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December 29, 2011

I have heard a good number of stories from and of vasectomies, some of which are actual accounts, some of which are reasoned speculation and some of which are wild guesswork, and none of which are close enough to mine to warrant comparison, so while the memory is still fresh in my mind, I figured I would pen it for those who are in the same boat.

            I knew from at least the age of twelve that I didn’t want children. By the age of about fifteen or sixteen I was certain of it. A few months before my eighteenth birthday, I began researching vasectomy as a permanent – nay, the only real – option. My reasoning was that if I were to play with a loaded gun long enough, I’d eventually wind up pulling the trigger, the safety would malfunction and it wouldn’t be blanks coming out the barrel. For a permanent decision, I needed permanent options.

            Through the few instances in media where vasectomies were addressed (as vasectomies themselves, never in conjunction with the childfree; the childfree are never properly addressed in media) I had had ingrained in me several false notions about the procedure. Many a television show had tried to joke about the man who would snip and the reverse when the time was right, and many a comedian would joke about the story after he’s already had two or three children. I had heard that one needed to be at least thirty years of age by law, that he needed at least one child by law, that he needed to be legally married, or that that he needed to be evaluated by a certified psychologist.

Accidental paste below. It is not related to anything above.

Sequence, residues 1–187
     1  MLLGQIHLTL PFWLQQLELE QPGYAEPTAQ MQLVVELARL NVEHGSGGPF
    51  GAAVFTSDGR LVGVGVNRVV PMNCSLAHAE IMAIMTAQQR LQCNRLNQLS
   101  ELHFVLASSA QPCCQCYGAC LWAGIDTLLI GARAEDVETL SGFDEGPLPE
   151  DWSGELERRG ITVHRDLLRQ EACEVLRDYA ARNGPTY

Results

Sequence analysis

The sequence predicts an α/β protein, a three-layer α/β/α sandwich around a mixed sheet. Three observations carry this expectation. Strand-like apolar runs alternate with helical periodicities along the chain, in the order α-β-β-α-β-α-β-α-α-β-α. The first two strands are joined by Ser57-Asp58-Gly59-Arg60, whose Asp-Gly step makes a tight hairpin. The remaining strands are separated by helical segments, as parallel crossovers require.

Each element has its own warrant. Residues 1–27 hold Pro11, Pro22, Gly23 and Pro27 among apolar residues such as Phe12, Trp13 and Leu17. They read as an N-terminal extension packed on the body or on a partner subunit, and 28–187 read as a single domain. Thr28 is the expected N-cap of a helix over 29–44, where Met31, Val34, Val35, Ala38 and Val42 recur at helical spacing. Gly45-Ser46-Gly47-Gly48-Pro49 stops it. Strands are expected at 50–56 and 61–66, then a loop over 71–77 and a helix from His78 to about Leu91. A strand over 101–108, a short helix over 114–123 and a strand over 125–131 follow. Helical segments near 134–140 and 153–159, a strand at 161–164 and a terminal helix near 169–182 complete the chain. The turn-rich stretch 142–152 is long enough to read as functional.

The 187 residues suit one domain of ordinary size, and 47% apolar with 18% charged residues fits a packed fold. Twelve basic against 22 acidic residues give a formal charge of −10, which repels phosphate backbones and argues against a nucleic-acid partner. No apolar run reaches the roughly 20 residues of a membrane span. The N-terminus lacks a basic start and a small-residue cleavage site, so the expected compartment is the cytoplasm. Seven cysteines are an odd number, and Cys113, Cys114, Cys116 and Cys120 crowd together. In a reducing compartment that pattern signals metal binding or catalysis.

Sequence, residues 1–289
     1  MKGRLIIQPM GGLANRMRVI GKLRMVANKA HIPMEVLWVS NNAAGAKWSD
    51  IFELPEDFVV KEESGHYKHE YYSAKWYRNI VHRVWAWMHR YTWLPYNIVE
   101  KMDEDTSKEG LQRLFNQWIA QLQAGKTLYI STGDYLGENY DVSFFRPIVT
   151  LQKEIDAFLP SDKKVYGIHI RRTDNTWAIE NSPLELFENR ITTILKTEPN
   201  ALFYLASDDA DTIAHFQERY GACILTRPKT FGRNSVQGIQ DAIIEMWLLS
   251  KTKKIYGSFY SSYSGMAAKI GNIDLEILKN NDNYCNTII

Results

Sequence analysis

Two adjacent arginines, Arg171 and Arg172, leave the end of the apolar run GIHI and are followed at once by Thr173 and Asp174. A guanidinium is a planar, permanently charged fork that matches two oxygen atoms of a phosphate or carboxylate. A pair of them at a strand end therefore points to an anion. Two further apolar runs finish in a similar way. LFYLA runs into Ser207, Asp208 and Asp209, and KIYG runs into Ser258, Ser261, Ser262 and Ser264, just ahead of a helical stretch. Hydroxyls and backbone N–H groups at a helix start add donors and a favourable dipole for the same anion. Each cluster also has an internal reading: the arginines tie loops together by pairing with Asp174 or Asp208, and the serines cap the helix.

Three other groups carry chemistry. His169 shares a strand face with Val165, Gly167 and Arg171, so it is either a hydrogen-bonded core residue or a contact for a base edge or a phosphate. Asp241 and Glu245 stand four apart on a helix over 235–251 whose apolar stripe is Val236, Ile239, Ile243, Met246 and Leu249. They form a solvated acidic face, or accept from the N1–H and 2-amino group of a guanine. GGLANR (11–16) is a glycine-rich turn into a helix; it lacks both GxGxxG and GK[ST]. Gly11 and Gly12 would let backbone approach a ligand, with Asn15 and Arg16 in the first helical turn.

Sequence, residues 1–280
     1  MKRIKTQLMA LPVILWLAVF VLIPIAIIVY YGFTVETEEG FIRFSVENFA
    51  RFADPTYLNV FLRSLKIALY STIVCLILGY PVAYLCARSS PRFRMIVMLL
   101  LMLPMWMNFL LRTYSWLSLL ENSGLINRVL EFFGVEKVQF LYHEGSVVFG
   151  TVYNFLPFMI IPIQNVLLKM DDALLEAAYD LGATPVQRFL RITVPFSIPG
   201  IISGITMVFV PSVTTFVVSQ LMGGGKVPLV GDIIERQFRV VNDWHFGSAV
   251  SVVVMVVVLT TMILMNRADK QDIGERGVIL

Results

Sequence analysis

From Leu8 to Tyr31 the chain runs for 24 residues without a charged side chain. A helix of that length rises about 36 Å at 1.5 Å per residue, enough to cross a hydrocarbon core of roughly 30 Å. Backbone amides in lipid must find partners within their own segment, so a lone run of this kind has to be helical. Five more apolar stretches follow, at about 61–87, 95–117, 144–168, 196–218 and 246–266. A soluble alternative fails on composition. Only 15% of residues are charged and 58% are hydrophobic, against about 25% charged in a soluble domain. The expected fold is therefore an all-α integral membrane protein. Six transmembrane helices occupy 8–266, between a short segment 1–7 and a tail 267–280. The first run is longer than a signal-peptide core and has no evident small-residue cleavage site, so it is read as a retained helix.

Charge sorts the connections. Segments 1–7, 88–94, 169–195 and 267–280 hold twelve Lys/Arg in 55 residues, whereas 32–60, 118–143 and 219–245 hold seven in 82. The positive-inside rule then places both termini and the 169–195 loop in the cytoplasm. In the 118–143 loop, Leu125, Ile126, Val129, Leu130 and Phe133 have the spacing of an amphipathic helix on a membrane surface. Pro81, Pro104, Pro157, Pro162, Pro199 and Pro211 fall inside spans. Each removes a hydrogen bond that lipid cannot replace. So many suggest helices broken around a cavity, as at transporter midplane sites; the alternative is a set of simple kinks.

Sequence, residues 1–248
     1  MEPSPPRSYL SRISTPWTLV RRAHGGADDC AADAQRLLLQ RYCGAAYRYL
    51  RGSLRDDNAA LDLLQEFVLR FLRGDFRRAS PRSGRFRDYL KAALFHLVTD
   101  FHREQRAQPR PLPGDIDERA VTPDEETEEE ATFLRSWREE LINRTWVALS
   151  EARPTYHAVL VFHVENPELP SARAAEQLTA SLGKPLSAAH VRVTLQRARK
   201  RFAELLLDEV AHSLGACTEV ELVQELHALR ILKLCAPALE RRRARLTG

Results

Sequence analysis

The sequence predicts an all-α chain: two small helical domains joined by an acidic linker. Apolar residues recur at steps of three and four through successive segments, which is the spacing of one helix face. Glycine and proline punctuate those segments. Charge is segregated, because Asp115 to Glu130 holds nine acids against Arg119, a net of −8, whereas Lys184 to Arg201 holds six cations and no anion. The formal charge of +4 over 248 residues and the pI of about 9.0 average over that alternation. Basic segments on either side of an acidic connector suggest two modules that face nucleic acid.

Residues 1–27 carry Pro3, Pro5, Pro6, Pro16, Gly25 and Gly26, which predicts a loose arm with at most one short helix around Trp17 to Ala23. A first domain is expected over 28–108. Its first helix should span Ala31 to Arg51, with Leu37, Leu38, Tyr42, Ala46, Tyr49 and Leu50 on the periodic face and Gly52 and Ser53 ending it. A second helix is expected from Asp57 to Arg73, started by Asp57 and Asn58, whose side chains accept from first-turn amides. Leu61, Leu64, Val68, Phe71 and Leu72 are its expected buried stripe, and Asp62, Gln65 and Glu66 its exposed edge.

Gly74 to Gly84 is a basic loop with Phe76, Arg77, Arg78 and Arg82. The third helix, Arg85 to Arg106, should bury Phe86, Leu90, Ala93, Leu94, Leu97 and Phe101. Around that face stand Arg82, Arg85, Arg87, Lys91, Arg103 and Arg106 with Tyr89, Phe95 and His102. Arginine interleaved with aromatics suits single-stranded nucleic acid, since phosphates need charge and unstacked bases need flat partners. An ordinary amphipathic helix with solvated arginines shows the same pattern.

None of those are true. In the United States and Canada (all fifty states and all thirteen provinces/territories) you need only be eighteen years of age by law. There are no prerequisites on existing children or marital status. No psychological evaluation is required. No sperm need be frozen as an insurance policy either.

            My doctor lives in my childhood town of Belleville, which is a little over an hour from my current residence near Oshawa. As a result, I only see him once every one to two years, for a routine physical. When I was twenty-two, I chickened out of asking him. When I was twenty-three, I didn’t have a physical for whatever reason, probably due to a busy schedule. Finally, when 2011 rolled around, I told myself I had to take this seriously. Various other major events in my life had already run their course or had been postponed, so I told myself that my next big life project would be sterilisation.

            I had made an appointment for a physical in February of 2011, but the appointment was cancelled because of a freak snowstorm. Upon rescheduling in March, I let my doctor run through the physical and draw up his forms for what blood work he’d want, then explained to him my desire to seek sterilisation as protectionism of my childfreedom.

            My doctor explained to me that he would never hinder a patient’s chosen course of action for their own body, and went on to elucidate the procedure. It is covered by OHIP, but reversal is not. It is only considered reversible up to two years after the procedure, with success rate diminishing as more time goes on. After two years, the odds render it to be considered irreversible. Reversal can be a very costly procedure.

            He made sure I understood all that, then marked it on the chart that he would be sending in a referral to a urologist. He said he would try for a urologist in my area, so I wouldn’t have to drive back to Belleville for each of the coming appointment.

            If memory serves, that was on a Wednesday. On Thursday, I received a call from my doctor’s receptionist, saying the referral had been sent into a Dr. So-and-So, and I should be expecting a call within the next day or two.